Thelonious Monk’s Advice, Archived By Steve Lacy


The Origins Of  The Advice From Thelonious  Monk

The bloggers at Do The Math posted the following about the above documents  in Steve Lacy on Monk:

In the past couple of days, an extraordinary number of thoughtful people have forwarded the following document to me, often with the suggestion that Thelonious Monk penned it himself … I have confirmed with expert jazz historians; this is Steve Lacy’s work, who played with Monk in 1960. Lacy’s introduction to Thelonious Monk: His Life and Music uses the above material explicitly.

Regardless of how they were transcribed, these words provide an intriguing  insight into the mind of Monk, a musical genius who changed and transcended jazz even as his  life was beset by bizarre and erratic behavior caused by (choose one or more) mental illness, illicit drugs, medications prescribed by psychiatrists who were, according to ones preferred source, astute or incompetent, the LSD he unknowingly took, the peyote he may or may not have taken with the encouragement of Timothy Leary, … .

It isn’t bad advice either. (I’m especially taken by “Don’t play everything (or every time); let some things go by. Some music just imagined. What you don’t play can be more important that what you do.”)

Steve Lacy, himself, is hardly a musical slouch, a fact that seems to have been lost in the (deserved) slaciy160 cascades of adoration for Monk that have accompanied the distribution of “Monk’s Advice” through the Internet.

Perhaps best known for the performances of his sextet from the 1970s to the 1990s, Lacy performed, recorded, wrote, and taught extensively. Recipient of a 1992 MacArthur Fellowship, he not only championed Monk’s work but also performed compositions by Mingus, Ellington, and other giants, composed extensively, played with a wide variety of jazz, contemporary classical, and avant-garde musicians, taught at the New England Conservatory of Music, and, as Wikipedia points out,

… was interested in all the arts: the visual arts and poetry in particular became important sources for him. Collaborating with painters and dancers in multimedia projects, he made musical settings of his favourite writers: Robert Creeley, Samuel Beckett, Tom Raworth, Taslima Nasrin, Herman Melville, Brion Gysin and other Beat writers, including settings for the Tao Te Ching and haiku poetry.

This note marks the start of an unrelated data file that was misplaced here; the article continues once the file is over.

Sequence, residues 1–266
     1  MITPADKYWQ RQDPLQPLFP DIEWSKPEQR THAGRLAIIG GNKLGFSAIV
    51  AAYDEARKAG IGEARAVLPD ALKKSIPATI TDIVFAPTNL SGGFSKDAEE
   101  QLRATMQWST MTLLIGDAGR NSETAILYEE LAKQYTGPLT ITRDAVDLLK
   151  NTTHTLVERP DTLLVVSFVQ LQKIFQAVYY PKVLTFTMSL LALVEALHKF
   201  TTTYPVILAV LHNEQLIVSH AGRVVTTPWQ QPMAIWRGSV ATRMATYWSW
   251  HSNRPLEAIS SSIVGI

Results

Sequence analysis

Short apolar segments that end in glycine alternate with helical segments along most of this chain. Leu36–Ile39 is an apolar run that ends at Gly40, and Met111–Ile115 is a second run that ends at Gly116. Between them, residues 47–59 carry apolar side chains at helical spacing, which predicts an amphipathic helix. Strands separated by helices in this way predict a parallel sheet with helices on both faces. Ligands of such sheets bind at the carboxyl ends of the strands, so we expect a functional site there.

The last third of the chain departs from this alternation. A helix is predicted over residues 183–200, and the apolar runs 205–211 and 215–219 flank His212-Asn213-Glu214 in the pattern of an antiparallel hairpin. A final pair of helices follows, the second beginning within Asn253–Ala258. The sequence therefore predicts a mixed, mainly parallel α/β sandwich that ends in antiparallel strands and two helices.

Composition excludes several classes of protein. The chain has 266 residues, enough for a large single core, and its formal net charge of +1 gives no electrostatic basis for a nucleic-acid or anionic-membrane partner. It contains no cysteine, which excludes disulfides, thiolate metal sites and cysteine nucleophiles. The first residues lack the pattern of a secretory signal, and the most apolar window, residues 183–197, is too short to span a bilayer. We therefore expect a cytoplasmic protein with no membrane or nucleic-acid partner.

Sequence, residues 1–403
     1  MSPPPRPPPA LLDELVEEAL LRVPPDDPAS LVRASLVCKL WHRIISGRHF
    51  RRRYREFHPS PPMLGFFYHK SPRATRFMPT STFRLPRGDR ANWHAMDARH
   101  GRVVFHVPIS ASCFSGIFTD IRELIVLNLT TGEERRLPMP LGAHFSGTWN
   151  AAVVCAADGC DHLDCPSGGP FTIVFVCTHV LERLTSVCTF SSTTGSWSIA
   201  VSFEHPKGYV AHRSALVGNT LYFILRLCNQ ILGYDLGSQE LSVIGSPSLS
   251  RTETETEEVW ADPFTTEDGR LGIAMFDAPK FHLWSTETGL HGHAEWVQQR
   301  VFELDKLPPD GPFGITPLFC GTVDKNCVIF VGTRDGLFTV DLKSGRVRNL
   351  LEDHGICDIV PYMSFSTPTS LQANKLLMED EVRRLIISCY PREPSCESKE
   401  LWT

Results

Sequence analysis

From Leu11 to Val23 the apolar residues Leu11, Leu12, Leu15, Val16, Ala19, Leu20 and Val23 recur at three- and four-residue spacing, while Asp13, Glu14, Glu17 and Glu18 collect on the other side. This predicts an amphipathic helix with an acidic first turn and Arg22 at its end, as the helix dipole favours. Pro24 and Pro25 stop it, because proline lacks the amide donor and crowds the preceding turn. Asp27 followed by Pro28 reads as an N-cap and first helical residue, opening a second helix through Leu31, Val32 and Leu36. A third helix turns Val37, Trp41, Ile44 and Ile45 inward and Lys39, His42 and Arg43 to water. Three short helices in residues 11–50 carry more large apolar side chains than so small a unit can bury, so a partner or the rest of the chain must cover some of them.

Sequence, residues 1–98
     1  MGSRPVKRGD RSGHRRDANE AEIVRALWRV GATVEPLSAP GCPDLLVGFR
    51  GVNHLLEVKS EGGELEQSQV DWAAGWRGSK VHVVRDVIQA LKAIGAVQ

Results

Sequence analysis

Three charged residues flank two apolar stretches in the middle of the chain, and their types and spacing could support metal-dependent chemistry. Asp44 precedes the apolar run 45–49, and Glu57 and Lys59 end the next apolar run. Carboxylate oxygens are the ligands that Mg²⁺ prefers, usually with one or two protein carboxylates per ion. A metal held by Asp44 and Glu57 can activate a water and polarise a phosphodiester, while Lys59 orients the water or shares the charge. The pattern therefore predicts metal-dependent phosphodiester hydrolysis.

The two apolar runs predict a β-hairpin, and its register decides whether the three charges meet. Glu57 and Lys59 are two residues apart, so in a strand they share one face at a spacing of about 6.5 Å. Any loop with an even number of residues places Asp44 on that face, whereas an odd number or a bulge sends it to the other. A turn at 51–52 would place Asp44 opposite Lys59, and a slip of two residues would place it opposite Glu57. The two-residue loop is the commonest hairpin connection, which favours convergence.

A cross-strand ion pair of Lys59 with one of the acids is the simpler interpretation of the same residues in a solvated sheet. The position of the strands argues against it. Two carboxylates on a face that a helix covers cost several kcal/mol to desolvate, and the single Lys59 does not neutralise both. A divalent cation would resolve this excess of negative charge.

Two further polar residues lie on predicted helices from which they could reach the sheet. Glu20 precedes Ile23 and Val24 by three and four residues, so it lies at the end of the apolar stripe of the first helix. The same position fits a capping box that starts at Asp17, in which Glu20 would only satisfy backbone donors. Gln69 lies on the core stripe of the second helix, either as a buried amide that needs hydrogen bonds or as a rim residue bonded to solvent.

Monk’s Advice


The notes can be read by clicking on the graphic atop this post to enlarge the image or by perusing the transcription below:

Just because you’re not a drummer, doesn’t mean you don’t have to keep time.

Pat your foot and sing the melody in your head, when you play.

Stop playing all those weird notes (that bullshit), play the melody!

Make the drummer sound good.

Discrimination is important.

You’ve got to dig it to dig it, you dig?


Always know….(MONK)

It must be always night, otherwise they wouldn’t need the lights.

Let’s lift the band stand!!

I want to avoid the hecklers.

Don’t play the piano part, I’m playing that. Don’t listen to me. I’m supposed to be accompanying you!

The inside of the tune (the bridge) is the part that makes the outside sound good.

Don’t play everything (or every time); let some things go by. Some music just imagined. What you don’t play can be more important that what you do.

A note can be small as a pin or as big as the world, it depends on your imagination.

Stay in shape! Sometimes a musician waits for a gig, and when it comes, he’s out of shape and can’t make it.

When you’re swinging, swing some more.

(What should we wear tonight? Sharp as possible!)

Always leave them wanting more.

Don’t sound anybody for a gig, just be on the scene. These pieces were written so as to have something to play and get cats interested enough to come to rehearsal.

You’ve got it! If you don’t want to play, tell a joke or dance, but in any case, you got it! (To a drummer who didn’t want to solo)

Whatever you think can’t be done, somebody will come along and do it. A genius is the one most like himself.

They tried to get me to hate white people, but someone would always come along and spoil it.

Bonus: Monk and Lacy Videos

There are at least a score of dramatically impressive Thelonious Monk videos available. I selected this one because it demonstrates Monk’s trademark syncopated, percussive piano style, dubbed “Melodious Thunk” by his wife Nellie.

Thelonious Monk, Charlie Rouse, Larry Gales, and Ben Riley – ‘Round Midnight (Norway 1966)

There are other Steve Lacey videos with better production values, but the interplay between the band members in this sequence is spectacular. And, the opportunity to showcase the singing and violin playing of Irene Aebi (who was married to Steve Lacy) would itself be sufficient reason to choose this performance.

Steve Lacy (soprano sax), Steve Potts (alto sax), Irene Aebi (violin and vocals), Jean-Jacques Avenel (bass), Oliver Johnson (drums) – Prospectus

Credit Due Department: I first laid eyes on the notes containing Monk’s advice when they were sent my way by Anjani.

0 responses to “Thelonious Monk’s Advice, Archived By Steve Lacy

  1. Fantastiq!
    A wise man with good advice for all artists “…just be on the scene”. All reet!
    And I loved the video selections, too.
    Thank you, thnx